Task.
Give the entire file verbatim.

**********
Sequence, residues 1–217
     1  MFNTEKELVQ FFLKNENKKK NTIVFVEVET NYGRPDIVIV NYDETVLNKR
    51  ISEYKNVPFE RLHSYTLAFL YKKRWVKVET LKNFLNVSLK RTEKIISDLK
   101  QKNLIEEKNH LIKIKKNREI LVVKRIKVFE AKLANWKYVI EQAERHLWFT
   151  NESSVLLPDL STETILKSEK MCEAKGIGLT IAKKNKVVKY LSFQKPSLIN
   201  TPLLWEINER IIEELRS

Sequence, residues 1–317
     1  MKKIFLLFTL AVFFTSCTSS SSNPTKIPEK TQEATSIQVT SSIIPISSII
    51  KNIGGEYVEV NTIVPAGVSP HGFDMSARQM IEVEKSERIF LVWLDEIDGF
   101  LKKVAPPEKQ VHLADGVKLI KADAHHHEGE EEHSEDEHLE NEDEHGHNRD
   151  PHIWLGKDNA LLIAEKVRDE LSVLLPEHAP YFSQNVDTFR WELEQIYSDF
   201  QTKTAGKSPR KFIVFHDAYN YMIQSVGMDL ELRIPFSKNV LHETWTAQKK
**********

Sequence, residues 1–217
     1  MFNTEKELVQ FFLKNENKKK NTIVFVEVET NYGRPDIVIV NYDETVLNKR
    51  ISEYKNVPFE RLHSYTLAFL YKKRWVKVET LKNFLNVSLK RTEKIISDLK
   101  QKNLIEEKNH LIKIKKNREI LVVKRIKVFE AKLANWKYVI EQAERHLWFT
   151  NESSVLLPDL STETILKSEK MCEAKGIGLT IAKKNKVVKY LSFQKPSLIN
   201  TPLLWEINER IIEELRS

Sequence, residues 1–317
     1  MKKIFLLFTL AVFFTSCTSS SSNPTKIPEK TQEATSIQVT SSIIPISSII
    51  KNIGGEYVEV NTIVPAGVSP HGFDMSARQM IEVEKSERIF LVWLDEIDGF
   101  LKKVAPPEKQ VHLADGVKLI KADAHHHEGE EEHSEDEHLE NEDEHGHNRD
   151  PHIWLGKDNA LLIAEKVRDE LSVLLPEHAP YFSQNVDTFR WELEQIYSDF
   201  QTKTAGKSPR KFIVFHDAYN YMIQSVGMDL ELRIPFSKNV LHETWTAQKK